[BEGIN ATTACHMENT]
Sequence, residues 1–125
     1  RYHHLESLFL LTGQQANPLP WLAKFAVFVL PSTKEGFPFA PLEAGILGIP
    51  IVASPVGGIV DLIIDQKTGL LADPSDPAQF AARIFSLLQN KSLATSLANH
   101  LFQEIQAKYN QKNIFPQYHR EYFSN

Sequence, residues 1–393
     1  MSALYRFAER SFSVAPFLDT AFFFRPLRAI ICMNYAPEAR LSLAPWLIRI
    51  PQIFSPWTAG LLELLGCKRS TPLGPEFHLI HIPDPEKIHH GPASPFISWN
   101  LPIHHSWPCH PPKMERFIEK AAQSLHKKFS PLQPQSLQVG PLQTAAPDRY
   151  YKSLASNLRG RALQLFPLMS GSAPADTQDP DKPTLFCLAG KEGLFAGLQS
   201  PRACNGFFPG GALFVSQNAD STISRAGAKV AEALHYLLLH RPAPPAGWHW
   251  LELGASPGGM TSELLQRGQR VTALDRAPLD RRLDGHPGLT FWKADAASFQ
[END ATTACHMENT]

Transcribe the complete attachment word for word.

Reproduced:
Sequence, residues 1–125
     1  RYHHLESLFL LTGQQANPLP WLAKFAVFVL PSTKEGFPFA PLEAGILGIP
    51  IVASPVGGIV DLIIDQKTGL LADPSDPAQF AARIFSLLQN KSLATSLANH
   101  LFQEIQAKYN QKNIFPQYHR EYFSN

Sequence, residues 1–393
     1  MSALYRFAER SFSVAPFLDT AFFFRPLRAI ICMNYAPEAR LSLAPWLIRI
    51  PQIFSPWTAG LLELLGCKRS TPLGPEFHLI HIPDPEKIHH GPASPFISWN
   101  LPIHHSWPCH PPKMERFIEK AAQSLHKKFS PLQPQSLQVG PLQTAAPDRY
   151  YKSLASNLRG RALQLFPLMS GSAPADTQDP DKPTLFCLAG KEGLFAGLQS
   201  PRACNGFFPG GALFVSQNAD STISRAGAKV AEALHYLLLH RPAPPAGWHW
   251  LELGASPGGM TSELLQRGQR VTALDRAPLD RRLDGHPGLT FWKADAASFQ